After reading this novel, I’m convinced Sachar can make any subject fascinating. I went in knowing next to nothing about bridge, and I put the novel down at the end not only with a rudimentary understanding of the game, but a healthy appreciation for it.
Sachar knows he’s not going to interest everyone in the intricacies of bridge strategy and culture, so he employs a very creative device known as the “Moby Dick” whale. Sachar precedes sections where potentially “boring” details could get in the way of the story with an icon of the whale and then follows them up with a short summary. I can think of a ton of novels that would benefit from this brilliant device (first to mind is Elizabeth Kostova’s THE HISTORIAN – a whale icon could have spared me that whole plodding section on the migration habits of medieval monks in Eastern Europe).
As it did in HOLES, Sachar’s storytelling shines. Alton befriends another bridge playing teen related to Lester named Toni who may or may not be crazy. Together they help Lester fulfill his dream of playing in the national bridge tournament. The novel also has a philosophical bent, touching on themes like coincidence and synchronicity, religion and afterlife.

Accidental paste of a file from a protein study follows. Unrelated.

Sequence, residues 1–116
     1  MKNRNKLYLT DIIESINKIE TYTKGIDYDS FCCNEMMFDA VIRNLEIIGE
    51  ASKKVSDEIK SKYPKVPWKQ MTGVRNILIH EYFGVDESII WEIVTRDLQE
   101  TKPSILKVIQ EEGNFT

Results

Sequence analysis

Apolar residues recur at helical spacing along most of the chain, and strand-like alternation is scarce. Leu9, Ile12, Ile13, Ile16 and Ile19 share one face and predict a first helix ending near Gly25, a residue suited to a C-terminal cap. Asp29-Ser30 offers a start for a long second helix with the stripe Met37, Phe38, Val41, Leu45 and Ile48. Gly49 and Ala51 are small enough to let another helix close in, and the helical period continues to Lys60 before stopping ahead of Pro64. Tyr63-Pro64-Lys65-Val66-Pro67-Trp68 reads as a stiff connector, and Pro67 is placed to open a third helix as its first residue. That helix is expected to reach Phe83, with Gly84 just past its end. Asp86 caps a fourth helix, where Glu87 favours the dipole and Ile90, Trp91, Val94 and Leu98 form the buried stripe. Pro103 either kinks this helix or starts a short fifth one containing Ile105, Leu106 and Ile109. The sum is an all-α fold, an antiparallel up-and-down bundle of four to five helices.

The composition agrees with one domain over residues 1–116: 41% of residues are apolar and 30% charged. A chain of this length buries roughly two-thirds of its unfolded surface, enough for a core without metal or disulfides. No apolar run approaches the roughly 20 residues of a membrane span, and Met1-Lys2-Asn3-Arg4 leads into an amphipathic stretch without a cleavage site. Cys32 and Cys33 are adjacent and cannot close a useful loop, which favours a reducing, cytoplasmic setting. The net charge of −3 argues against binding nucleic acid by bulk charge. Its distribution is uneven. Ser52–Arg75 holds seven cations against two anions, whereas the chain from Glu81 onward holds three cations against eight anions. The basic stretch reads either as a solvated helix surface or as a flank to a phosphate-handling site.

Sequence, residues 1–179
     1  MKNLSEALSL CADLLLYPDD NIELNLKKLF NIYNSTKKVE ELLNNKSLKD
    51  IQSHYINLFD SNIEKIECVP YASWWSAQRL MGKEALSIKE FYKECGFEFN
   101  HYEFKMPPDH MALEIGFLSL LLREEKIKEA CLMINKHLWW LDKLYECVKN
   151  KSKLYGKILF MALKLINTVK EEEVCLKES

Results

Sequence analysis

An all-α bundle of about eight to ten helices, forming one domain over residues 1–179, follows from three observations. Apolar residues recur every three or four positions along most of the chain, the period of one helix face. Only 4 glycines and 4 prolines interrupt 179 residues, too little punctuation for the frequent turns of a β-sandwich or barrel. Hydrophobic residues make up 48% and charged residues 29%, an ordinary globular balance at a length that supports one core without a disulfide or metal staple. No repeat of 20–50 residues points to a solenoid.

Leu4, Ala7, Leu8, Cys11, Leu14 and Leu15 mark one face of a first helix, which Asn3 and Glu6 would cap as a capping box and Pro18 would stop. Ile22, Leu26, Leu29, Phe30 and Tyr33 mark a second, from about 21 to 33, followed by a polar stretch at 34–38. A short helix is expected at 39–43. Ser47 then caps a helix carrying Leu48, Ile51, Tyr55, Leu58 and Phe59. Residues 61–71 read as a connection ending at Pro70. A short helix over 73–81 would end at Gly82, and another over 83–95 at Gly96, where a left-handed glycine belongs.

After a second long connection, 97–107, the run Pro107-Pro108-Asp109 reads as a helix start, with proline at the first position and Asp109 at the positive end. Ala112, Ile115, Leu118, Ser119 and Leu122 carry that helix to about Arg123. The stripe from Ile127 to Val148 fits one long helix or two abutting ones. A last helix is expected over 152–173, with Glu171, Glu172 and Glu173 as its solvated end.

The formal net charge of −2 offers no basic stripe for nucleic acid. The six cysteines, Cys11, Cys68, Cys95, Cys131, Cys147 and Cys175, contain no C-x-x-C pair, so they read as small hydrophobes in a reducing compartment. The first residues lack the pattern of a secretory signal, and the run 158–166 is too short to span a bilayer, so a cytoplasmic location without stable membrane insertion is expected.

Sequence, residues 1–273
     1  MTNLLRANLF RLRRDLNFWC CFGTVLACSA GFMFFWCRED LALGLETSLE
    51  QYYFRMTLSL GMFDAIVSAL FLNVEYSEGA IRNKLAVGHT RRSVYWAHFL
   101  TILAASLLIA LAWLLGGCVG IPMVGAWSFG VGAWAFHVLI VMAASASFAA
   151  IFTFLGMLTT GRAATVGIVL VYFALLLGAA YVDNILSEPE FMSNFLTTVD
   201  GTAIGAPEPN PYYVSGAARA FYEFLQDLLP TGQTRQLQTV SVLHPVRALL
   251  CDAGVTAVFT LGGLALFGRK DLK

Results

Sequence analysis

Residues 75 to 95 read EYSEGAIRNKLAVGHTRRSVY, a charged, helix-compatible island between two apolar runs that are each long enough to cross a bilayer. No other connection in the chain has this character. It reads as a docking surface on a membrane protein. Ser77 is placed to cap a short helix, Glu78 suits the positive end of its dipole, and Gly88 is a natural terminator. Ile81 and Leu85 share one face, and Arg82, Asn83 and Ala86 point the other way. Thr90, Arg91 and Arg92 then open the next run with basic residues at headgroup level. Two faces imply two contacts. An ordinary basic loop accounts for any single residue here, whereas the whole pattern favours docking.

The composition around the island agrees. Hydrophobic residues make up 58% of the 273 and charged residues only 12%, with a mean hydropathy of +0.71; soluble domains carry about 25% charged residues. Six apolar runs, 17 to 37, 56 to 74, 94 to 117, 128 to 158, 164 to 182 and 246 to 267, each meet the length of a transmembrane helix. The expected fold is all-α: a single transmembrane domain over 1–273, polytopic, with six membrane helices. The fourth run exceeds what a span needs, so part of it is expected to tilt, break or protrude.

Here are some passages I really liked.
On the eternal life of ideas:
“One way or another, the body of Alton Richards will cease to exist,” he said.
“But the idea of Alton Richards will live forever.”
“So what happens to
ideas that are not communicated?” asked Gloria. “Do they die?”
doesn’t die,” said Trapp. “It exists somewhere, in its own dimension, waiting to
be perceived.” p. 123
“He said that synchronicity was different than mere coincidence. WithOn creation:
synchronicity you feel there’s a definite connection. You just don’t know what
that connection is.” p. 144
“Maybe that’s what religion is all about. Is life just a highly improbable
coincidence, or does an impossible explanation make more sense?” p 313
THE CARDTURNER is out in hardcover now. Find out more about it on the author’s website.